Thomas Glover arrived in Nagasaki in 1859, just as Japan was opening to the West. Within a few years he had played a crucial part in the overthrow of the Tokugawa Shogunate, providing the rebels with war-winning, Scottish-designed warships, and modern arms. Bankruptcy by the age of thirty was barely a setback and he went on to become a pivotal figure in the rapidly expanding Mitsubishi empire, founding shipyards and breweries. As energetic in his love-life as in business and politics, Glover had a string of Japanese mistresses, one of whom inspired Puccini's Madam Butterfly. This 'Scottish Samurai' was to become an adviser to the Japanese government; he also arranged for many Japanese to visit Britain and see the wonders of the industrial revolution, a lesson they enthusiastically absorbed. Today, Glover is regarded as one of the founding fathers of the Japanese economic miracle.Railway tracks, a couple of hundred metres long, were set up beneath his house on the waterfront of the Oura coast road on ... This was a strength but it would prove to be a weakness, too, as events would show. ... After lunch in Southampton they boarded a train for London. ... From Waterloo they travelled by coaches to South Kensington where rooms had been booked for them at the Queena#39;s Hotel.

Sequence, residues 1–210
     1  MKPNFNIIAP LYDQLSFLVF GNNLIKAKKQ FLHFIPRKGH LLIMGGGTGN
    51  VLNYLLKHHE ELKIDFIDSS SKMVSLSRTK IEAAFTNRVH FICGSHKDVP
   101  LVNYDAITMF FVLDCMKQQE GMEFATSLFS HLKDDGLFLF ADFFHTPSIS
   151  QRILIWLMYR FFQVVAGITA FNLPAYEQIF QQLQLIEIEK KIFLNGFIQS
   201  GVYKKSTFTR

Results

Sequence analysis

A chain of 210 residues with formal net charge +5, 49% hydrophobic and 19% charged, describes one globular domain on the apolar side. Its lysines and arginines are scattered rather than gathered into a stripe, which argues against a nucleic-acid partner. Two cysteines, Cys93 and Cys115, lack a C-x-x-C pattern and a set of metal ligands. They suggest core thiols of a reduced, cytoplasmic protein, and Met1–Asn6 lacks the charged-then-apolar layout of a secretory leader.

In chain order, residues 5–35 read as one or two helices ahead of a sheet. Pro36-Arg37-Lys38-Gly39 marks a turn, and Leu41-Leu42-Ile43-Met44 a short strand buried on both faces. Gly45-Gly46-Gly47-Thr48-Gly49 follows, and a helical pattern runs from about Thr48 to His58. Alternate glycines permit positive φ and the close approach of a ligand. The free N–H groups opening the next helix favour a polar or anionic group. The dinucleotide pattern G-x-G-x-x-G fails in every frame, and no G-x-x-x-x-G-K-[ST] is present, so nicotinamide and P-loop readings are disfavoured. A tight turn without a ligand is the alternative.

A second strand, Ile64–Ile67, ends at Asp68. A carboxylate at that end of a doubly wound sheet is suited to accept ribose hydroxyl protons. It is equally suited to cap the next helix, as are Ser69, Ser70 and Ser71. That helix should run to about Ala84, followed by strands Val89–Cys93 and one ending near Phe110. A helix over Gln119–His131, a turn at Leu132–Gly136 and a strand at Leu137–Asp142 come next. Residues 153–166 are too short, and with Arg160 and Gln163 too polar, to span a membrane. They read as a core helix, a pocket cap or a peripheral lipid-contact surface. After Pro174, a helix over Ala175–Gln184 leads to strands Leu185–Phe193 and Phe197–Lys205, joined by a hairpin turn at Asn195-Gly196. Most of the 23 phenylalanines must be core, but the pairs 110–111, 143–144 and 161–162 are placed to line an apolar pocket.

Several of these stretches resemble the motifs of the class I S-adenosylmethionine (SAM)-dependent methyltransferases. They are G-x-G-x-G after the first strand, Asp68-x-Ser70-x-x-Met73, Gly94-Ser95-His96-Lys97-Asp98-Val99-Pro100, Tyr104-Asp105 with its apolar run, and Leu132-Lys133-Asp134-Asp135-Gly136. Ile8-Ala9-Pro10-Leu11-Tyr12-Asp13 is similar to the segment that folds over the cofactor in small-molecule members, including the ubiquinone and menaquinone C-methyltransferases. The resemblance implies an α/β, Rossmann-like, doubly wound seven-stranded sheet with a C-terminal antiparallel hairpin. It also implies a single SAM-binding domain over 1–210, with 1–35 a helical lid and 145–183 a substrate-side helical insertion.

|Publisher||:||Canongate Books - 2012-02-16|